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mg42 query

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The MG42 was a "general purpose machine gun" and could be used with just a bipod as a light machine gun, or on a tripod as a sustained fire heavy machine gun.

Infantry squads and LMG teams have MG34s / MG42s with bipods only. Dedicated machine gun teams have MG34s / MG42s with sustained fire tripods, although these can also be used in a light role off their bipods when undeployed ("semi-deployed" text in game).

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They could be deployed on bipods instead of tripods. The same thing could be done with it's contemporary/predecessor, theMG-34.:


The bipod could be placed on nearly anything and was quite a bit lighter, although the tripod was more stable when firing. In other words the bipod traded the tripod's stability for mobility.

It could also be used like this:


Although I am not sure I would want my back to the enemy while someone fires a machinegun next to my ear.

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There are all sorts of benefits to mounting a MG on a tripod vs a bipod. A bipod is actually the least preferable way to do it. A MG becomes wildly uncontrollable after 3-4 rounds and as such are often defined as area fire weapons valued for their suppression qualities rather than accuracy. Tripods are preferred because they offer more stability to the weapon, giving you a tighter pattern. And at 400-500 meters the pattern (or beaten zone) can make a big difference in a guns effectiveness.

You can set up a tripod to limit the gun's arc of fire. This is particularly useful in the defense. MGs are often set up at key points that allow them to fire along the front of their platoons defensive positions as a sort of final wall of lead. By using the tripod to limit the "swing" of the gun a gunner can get heavy on the trigger and know he isn't in danger of swinging too far and firing into his own troops. This is key when defending a position at night or in low vis conditions like fog.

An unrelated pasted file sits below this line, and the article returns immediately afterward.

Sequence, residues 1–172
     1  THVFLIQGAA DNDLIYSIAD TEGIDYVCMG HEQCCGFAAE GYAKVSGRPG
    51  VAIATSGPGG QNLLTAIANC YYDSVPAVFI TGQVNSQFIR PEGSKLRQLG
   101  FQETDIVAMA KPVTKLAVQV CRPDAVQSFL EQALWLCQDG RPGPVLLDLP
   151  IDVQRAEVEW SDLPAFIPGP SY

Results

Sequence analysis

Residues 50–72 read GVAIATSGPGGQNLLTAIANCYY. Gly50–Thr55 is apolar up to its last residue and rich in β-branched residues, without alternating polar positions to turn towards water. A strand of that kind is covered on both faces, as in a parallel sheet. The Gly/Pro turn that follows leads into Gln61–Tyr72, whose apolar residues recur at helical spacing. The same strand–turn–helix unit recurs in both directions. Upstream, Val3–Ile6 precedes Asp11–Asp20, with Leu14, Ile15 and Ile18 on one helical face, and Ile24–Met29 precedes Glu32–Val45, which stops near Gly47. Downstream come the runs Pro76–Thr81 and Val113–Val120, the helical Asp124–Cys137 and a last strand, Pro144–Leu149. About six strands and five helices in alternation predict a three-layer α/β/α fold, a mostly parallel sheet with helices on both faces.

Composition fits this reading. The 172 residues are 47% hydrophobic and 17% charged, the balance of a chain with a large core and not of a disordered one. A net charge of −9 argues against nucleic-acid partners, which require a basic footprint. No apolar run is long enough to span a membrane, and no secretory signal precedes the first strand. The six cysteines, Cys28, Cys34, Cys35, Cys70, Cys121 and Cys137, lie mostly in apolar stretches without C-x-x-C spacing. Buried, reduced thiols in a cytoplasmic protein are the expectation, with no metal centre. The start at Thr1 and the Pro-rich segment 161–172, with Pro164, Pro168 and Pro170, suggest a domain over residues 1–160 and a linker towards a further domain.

Tripods can be used to quickly bring guns onto the enemy by using preplanned target ranges. Experienced gunners can use a range card and with the assistance of an assistant gunner (AG) could quickly shift from one target to the next (inexperienced gun crews often consider range cards a waste of time, just like they fail to keep their ammo clean and then wonder why their gun keeps jamming when they need it). For example, a gunner may know (from his prior planning and his range card) that a certain tree is at 300m and a house is at 500m. He can quickly zero his aim with just a few twists of his elevation adjustment to the desired target based on that data, without having to send a few bursts just to get the range estimation right. Therefore, he can deliver rounds right on target with his first burst and avoid alerting the enemy.

MGs at the rifle squad level (honestly, in German WW2 doctrine they should be called MG squads not rifle squads) are there to simply provide as much suppression firepower as possible. They typically engage at shorter ranges (inside 300m) and so aren't as concerned about accurate fires beyond that. The prevailing thought (particularly outside Brit and US doctrine which tried to hold onto the Rifle is king mentality as long as possible) was that everyone else in the squad existed simply to support the machinegunners. The squad leaders primary maneuver elements were the guns themselves. This became less important as "Assault Rifles" were introduced but it is the foundation of the organization you see in German WW2 squads.

BFC used to publish some small texts on small unit tactics from WW2 (they still may) which go into all of this in some detail. Other great sources are On Infantry by John English and Infantry Attacks by Erwin Rommel. English goes into the history behind the development of the squad from the British, American and German perspectives and Rommel writes very informatively about the use of heavy machineguns at the rifle company level in WW1. Both fascinating reads and eye opening. I also think I might have a digital copy of a US Army Machine Gun manual or two laying around if anyone is really interested in the science.

Now, as far as how those benefits for tripod vs bipod translate into game terms, someone else will have to enlighten us. I would imagine over the years someone has ran a few tests...

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Great info there. I suppose its safe to assume that these effects are modelled in CM?

There are large differences in effectiveness in the game, especially at long range, between the "spandaus" (to use a generic term) that are on tripods or other mounts and those that aren't. Accuracy, cone of dispersion due to recoil and RoF are both greater for the tripod-mounted version. Range cards are probably a bit too detailed, and should probably be assumed to be incorporated in the soft factors of the unit: well led, highly experienced troops get accurate fire onto the target faster than inexperienced troops with poor leaders and the same equipment.

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